Getting that hour of cardio in during the day can be tough. You've either got to get up at dawn, squeeze it into lunch (plus, take the requisite shower) or find a way to stay awake enough to work out at night. That's why Bailey Mader, a software developer in Johnston, Iowa, bikes to work: "I am lucky enough to have a trail between my office and my home, so I can get lost in my thoughts without worrying about traffic." Mader reports that while her method takes a few more minutes than driving, the time is far from wasted. "I also feel more awake on the mornings I bike, so I more than make up for those scant extra minutes with heightened productivity. Biking is my caffeine!" She's not wrong. A number of studies have found that people feel more productive after exercising.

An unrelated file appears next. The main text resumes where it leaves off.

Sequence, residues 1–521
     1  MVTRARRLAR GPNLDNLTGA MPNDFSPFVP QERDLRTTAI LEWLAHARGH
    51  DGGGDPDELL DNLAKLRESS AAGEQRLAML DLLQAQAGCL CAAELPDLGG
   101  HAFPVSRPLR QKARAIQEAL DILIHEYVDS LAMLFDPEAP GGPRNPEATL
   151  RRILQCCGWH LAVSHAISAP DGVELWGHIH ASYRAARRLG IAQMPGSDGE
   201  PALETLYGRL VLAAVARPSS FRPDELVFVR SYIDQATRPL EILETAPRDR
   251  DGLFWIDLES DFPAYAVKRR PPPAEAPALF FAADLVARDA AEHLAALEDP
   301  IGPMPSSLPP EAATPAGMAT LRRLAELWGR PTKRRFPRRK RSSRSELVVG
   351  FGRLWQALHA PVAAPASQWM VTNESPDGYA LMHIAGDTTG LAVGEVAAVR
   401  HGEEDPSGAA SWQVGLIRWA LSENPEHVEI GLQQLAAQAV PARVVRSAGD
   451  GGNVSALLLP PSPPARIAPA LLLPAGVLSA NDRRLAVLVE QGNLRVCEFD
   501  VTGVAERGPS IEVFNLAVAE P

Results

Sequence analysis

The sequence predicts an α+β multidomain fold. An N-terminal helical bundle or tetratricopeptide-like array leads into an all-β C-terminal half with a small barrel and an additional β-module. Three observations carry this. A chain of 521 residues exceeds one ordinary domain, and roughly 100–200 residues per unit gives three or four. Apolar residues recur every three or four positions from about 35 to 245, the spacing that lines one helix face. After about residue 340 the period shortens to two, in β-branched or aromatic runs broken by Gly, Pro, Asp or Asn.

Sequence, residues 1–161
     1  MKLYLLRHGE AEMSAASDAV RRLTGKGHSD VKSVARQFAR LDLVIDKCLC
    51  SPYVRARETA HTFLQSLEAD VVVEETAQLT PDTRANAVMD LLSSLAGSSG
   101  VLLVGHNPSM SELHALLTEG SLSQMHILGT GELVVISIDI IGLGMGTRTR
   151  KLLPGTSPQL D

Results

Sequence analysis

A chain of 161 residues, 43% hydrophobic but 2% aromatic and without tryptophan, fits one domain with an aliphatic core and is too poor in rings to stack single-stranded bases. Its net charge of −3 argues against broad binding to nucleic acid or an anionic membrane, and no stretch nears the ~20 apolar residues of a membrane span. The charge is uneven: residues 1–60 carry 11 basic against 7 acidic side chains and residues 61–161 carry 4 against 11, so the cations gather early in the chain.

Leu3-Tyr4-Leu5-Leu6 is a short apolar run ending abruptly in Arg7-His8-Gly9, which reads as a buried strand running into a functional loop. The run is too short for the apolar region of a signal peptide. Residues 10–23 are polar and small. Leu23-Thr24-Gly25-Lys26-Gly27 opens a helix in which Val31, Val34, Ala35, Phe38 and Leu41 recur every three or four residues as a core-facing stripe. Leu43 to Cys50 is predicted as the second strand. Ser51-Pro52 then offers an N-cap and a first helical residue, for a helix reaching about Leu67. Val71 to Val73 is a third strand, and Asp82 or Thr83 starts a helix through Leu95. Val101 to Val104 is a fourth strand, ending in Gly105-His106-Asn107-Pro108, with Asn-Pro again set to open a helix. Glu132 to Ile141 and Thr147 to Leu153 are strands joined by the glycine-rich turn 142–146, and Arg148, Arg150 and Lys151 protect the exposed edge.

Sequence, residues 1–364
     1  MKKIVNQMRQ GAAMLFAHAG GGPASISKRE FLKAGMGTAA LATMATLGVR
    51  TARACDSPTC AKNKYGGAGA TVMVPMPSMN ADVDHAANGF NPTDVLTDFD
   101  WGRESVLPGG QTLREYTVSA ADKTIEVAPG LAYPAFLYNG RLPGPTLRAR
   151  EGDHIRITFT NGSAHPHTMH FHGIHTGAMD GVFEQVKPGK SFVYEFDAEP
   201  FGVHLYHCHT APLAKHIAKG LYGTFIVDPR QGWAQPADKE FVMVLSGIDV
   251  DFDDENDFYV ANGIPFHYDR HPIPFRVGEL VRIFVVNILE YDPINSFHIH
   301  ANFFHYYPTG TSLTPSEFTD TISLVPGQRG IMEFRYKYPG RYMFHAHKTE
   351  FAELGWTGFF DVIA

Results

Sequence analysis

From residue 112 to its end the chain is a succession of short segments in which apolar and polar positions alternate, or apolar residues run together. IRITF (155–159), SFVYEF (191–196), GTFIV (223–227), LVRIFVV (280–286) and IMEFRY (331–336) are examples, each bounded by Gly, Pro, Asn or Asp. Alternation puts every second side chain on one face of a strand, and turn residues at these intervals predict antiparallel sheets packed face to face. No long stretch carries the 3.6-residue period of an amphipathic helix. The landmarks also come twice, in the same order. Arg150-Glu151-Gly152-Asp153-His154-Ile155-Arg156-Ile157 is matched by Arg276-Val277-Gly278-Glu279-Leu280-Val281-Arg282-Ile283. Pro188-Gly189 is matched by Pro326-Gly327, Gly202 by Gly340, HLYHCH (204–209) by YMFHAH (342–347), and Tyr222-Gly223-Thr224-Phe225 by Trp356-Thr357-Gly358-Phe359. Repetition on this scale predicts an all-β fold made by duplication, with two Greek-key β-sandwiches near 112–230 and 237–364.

Even if you have to drive or take mass-transit to work, you can consciously choose to incorporate activity into your commute. Get off at an earlier bus stop on a nice day, or park farther away, at the back of the lot or in a garage a few blocks away. "My commute begins with a walk," says Naila Bolus, president and CEO of Jumpstart, a Boston nonprofit that prepares low-income children for kindergarten. "Every single morning I walk my twins to school; it's something we do together, and I love sending them off on their day."